The last time the cotton gin inside the Cotton Museum of the South ginned cotton was 1957, and the end of era had arrived. Cotton harvesting machines were quickly replacing hand labor and new electric-powered cotton gins with lint cleaners, metal stands and dryers were pushing out the old diesel-powered gin plants.
At that time, the old gin was located in Mantua, Ala., and was owned and operated by the Eatman family. After closing, the old gin was nearly forgotten, until Irvin Eatman, wanting the save the antique for posterity, donated it to the museum at Green Frog, a restored rural village just outside of Bells, Tenn.
Betty (Eatman) Haynes, whose husband, Irvin Curtis Eatman, ran the gin and a general store in Mantua, recalled a thriving community, of which the gin — built in 1915 by her father-in-law, Frank Irvin Eatman — was the centerpiece.
“There were 20 some odd workers who lived on the place, and we had some tenant farmers as well. The gin was running when Curtis got back from the service, and he helped at the gin, putting off college, where he was a quarter away from graduating.
The village included a country store, saw mill and grist mill. “It was a self-contained community,” she said. “The steam engine ran the saw mill, the grist mill and the gin.”
While at opening ceremonies for the Cotton Museum of the South at Green Frog recently, she noted that the actual gin in Mantua was a little taller than the one reconstructed here. But it did bring back a flood of memories.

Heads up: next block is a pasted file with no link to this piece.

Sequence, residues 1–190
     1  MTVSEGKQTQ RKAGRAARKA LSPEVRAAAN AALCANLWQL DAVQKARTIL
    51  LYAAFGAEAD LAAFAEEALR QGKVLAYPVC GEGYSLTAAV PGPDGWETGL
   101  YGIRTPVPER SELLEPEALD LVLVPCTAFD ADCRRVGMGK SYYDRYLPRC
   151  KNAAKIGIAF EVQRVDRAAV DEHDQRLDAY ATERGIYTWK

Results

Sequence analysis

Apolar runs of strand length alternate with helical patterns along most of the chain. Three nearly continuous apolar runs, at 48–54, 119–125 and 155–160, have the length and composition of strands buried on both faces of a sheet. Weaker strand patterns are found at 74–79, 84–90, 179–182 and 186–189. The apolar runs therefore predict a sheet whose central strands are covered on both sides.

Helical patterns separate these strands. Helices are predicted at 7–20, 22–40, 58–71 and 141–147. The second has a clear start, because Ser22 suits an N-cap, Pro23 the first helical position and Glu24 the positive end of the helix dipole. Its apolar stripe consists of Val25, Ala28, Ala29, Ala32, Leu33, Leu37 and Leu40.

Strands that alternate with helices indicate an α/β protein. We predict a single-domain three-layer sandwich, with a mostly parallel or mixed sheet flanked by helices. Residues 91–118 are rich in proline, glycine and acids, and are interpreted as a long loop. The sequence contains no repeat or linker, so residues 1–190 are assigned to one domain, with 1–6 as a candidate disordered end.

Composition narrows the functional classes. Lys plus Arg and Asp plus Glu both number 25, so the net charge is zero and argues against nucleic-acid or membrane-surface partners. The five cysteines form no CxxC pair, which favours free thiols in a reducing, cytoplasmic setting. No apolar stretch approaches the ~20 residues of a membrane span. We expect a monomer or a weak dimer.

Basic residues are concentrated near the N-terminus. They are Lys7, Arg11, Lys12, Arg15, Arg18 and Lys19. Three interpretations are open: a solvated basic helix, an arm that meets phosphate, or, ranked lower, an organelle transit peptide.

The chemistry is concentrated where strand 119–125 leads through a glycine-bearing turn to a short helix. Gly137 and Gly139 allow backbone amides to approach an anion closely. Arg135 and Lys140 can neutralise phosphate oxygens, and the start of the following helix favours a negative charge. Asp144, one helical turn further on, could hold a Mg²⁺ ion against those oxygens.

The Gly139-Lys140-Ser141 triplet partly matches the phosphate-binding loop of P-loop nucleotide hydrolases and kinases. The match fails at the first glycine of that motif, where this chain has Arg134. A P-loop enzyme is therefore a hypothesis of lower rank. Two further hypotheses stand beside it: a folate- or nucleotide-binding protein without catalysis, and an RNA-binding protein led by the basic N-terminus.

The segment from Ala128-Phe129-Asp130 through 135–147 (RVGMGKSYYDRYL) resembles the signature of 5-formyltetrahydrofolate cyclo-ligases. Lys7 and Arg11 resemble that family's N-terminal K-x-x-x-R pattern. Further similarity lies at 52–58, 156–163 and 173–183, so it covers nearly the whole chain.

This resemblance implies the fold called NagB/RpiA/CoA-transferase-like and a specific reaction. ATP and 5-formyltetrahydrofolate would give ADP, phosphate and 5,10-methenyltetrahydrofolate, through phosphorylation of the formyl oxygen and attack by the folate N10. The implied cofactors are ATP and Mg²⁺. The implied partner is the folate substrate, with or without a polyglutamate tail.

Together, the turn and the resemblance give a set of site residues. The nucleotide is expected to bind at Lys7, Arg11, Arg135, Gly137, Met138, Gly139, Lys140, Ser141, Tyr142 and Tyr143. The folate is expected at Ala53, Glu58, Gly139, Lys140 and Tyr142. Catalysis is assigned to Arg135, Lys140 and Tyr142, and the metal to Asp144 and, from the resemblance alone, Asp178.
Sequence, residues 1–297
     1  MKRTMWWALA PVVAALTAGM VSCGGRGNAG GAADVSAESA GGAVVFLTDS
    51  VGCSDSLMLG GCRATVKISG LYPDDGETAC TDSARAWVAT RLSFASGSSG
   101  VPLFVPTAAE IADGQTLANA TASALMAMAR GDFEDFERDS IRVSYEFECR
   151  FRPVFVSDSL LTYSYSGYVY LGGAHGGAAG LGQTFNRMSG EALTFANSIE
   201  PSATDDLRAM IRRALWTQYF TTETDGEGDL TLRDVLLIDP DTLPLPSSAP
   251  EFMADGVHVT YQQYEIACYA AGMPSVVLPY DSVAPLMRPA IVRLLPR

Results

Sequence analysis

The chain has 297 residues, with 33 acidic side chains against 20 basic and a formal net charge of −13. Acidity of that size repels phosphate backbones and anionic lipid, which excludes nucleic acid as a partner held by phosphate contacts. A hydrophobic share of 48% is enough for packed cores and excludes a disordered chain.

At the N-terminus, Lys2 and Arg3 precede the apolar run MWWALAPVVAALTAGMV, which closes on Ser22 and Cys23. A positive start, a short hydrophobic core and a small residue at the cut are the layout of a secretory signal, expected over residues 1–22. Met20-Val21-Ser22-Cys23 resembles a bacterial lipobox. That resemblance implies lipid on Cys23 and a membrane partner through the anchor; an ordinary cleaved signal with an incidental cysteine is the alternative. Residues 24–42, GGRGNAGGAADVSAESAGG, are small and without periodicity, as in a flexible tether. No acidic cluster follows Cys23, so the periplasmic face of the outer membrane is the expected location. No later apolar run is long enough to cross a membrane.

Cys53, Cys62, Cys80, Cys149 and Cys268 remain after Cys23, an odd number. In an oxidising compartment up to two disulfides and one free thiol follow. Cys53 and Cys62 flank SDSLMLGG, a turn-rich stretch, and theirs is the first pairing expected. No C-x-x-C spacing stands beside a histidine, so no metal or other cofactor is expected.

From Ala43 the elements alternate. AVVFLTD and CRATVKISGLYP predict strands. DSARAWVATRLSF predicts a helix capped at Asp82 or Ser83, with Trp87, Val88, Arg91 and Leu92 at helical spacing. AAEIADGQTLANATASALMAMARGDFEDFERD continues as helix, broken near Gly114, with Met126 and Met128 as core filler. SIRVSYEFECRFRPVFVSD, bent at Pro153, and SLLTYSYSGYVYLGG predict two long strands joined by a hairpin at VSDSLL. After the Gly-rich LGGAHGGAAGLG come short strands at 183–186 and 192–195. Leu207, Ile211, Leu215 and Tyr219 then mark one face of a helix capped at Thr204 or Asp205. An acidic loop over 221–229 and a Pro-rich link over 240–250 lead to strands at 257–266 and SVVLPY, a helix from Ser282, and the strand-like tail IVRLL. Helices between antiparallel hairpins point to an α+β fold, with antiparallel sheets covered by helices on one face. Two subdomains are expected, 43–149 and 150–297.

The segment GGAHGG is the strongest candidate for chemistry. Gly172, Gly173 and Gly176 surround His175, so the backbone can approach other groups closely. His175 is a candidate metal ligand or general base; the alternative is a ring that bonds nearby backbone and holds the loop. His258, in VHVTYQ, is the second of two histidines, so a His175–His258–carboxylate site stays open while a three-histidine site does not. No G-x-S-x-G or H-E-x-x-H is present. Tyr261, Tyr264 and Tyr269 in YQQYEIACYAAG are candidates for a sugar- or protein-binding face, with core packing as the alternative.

“The workers had to be paid at the end of every day,” she recalls, “or else they wouldn't come back. I kept the money. Curtis would weigh the sacks.”
Her son, Irvin, also has memories of the old gin, although he was only nine or 10 years old the last time it ran. “I didn't know much, and they didn't want me to get hurt. Obviously, the equipment was pretty dangerous. I remember playing in the cotton in the wagons on the way from the fields to the gins.”
Betty was also the postmaster at Mantua for 33 years, following her father-in-law, who held the position for 43 years. The post office was located inside the general store. The Eatmans have donated several items in the store for display at a general store under construction at Green Frog.
The four wooden Continental 80-30 gin stands at Green Frog together “ginned about a bale about every 30 minutes, according to Irvin. Today a single gin stand alone can run six bales in an hour.